FROM THE CIRCUIT COURT OF THE SEVENTH JUDICIAL CIRCUIT
PENNINGTON COUNTY, SOUTH DAKOTA THE HONORABLE WALLY EKLUND
J. JACKLEY Attorney General
FLYNN Assistant Attorney General Attorneys for plaintiff and
LAWLER Attorneys for defendant and appellee.
An asset protection associate at a Walmart placed Ashley Lee
under citizen's arrest for theft. The associate contacted
law enforcement, who took Lee into custody and searched her
purse, finding a pipe with methamphetamine residue. Lee moved
to suppress all evidence from the search, alleging that law
enforcement had no authority to arrest her and thus the
search was illegal. The circuit court agreed with Lee and
suppressed all evidence obtained from the search. On
intermediate appeal, the State alleges that the search was a
proper search incident to an arrest. We reverse the circuit
court's order granting Lee's motion to suppress
On May 16, 2015, Lee was shopping at a Walmart in Rapid City
when an asset protection associate, Aaron Miller, noticed her
concealing items in her purse. She paid for other items at
the store, but failed to pay for those that she had placed in
her purse. After she passed all points of sale, Miller
apprehended her. He recovered the items stolen (totaling a
value of $36.63), reported the incident to the police, and
detained her until an officer arrived. Miller described the
incident in a "Citizen's Arrest Report."
Officer Duane Baker with the Rapid City Police Department
responded to the report of the theft. He performed a
warrantless search of her purse and found a glass pipe.
Residue on the pipe tested positive for methamphetamine.
A complaint was filed on May 20, 2015, charging Lee with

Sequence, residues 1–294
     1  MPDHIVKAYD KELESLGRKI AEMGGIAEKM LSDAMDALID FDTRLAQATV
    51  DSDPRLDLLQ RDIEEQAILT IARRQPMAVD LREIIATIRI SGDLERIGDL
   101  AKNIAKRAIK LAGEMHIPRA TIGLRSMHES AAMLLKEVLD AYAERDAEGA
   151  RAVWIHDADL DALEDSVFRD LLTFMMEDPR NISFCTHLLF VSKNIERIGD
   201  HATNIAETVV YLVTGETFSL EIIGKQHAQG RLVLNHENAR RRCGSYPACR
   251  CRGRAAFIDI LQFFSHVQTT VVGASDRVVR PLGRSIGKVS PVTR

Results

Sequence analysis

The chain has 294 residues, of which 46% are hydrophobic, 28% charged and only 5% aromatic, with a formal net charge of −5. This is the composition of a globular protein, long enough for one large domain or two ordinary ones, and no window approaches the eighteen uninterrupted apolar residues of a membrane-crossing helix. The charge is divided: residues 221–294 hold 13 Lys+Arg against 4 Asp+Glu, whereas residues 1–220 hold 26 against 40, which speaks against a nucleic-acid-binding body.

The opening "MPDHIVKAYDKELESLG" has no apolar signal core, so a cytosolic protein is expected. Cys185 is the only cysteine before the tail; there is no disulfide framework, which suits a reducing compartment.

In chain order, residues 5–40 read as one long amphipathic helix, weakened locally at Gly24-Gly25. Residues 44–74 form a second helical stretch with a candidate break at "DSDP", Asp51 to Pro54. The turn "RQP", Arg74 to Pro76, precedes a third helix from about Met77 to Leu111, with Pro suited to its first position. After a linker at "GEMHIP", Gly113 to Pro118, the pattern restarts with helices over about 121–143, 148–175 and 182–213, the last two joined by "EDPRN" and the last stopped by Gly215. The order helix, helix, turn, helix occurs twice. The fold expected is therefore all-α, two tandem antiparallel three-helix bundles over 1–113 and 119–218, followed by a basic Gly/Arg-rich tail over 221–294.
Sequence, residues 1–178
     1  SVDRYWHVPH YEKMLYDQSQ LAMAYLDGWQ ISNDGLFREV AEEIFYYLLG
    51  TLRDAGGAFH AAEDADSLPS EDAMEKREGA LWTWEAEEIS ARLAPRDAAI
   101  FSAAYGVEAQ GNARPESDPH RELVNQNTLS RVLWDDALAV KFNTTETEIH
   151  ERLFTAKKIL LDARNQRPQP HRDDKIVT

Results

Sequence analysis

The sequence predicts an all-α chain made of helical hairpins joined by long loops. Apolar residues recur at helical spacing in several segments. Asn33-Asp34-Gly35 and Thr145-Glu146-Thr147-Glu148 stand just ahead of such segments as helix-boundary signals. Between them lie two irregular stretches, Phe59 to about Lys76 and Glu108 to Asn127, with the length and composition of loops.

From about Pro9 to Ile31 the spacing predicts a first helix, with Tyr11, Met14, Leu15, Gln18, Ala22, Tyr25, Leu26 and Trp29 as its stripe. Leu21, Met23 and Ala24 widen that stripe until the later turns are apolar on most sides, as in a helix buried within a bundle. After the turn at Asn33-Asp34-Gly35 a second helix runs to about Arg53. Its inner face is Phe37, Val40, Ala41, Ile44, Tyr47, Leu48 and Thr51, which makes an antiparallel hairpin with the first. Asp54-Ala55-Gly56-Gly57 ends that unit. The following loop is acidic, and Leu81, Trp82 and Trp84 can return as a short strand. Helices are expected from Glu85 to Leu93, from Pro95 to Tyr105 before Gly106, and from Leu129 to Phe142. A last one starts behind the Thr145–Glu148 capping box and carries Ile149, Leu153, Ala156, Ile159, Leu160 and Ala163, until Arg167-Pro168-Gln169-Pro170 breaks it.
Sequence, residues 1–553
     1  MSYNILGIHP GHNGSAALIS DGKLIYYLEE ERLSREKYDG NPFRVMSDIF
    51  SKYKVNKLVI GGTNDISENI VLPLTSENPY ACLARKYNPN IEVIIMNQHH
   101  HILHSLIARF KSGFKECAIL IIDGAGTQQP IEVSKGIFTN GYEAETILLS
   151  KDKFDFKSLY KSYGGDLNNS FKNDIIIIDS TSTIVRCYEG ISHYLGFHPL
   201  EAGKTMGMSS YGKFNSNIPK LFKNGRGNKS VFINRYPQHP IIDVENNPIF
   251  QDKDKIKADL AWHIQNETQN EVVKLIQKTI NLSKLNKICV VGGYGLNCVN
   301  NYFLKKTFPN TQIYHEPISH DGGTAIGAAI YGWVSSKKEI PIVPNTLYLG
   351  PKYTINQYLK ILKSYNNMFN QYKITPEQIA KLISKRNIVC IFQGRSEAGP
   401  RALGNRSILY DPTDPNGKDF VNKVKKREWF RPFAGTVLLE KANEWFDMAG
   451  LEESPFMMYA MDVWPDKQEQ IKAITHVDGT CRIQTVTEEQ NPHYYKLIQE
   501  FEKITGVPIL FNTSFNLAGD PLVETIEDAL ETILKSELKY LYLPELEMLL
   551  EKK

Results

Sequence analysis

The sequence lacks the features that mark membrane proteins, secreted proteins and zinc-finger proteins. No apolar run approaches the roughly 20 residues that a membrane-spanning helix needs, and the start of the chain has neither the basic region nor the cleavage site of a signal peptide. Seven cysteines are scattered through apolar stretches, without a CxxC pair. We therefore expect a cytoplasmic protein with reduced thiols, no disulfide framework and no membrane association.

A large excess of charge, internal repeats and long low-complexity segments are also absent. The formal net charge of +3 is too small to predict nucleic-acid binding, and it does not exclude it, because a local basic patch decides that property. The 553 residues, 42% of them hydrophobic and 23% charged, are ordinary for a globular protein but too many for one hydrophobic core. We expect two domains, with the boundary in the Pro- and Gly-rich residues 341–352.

petty theft and possession of a controlled substance. On July
8, 2015, she was charged by an information with possession of
a controlled substance. A part II information alleged that
she was convicted of two felonies in 2014. Lee moved to
suppress the evidence obtained as a result of the search,
claiming that law enforcement arrested her without a warrant
for a Class 2 misdemeanor committed outside an officer's
presence, in violation of SDCL 23A-3-2. Therefore, according
to Lee, there was no authority to search her incident to an
On July 28, 2016, the circuit court filed findings of fact
and conclusions of law directing suppression of the evidence.
It concluded that a citizen's arrest "merely permits
detention of a suspect until he [or she] may be taken before
a magistrate or delivered to the nearest available law
enforcement officer. A citizen's arrest does not entitle
a police officer to make a custodial arrest when he otherwise
would not have that authority." The State asserts that
the circuit court erred and that law enforcement may validly
search, without a warrant, a person incident to a
"A motion to suppress for an alleged violation of a
constitutionally protected right raises a question of law,
requiring de novo review." State v. Hess, 2004
S.D. 60, ¶ 9, 680 N.W.2d 314, 319 (quoting State v.
Herrmann, 2002 S.D. 119, ¶ 9, 652 N.W.2d 725, 728).
Pursuant to SDCL 23A-3-3,
Any person may arrest another:
(1)For a public offense, other than a petty offense,
committed or attempted ...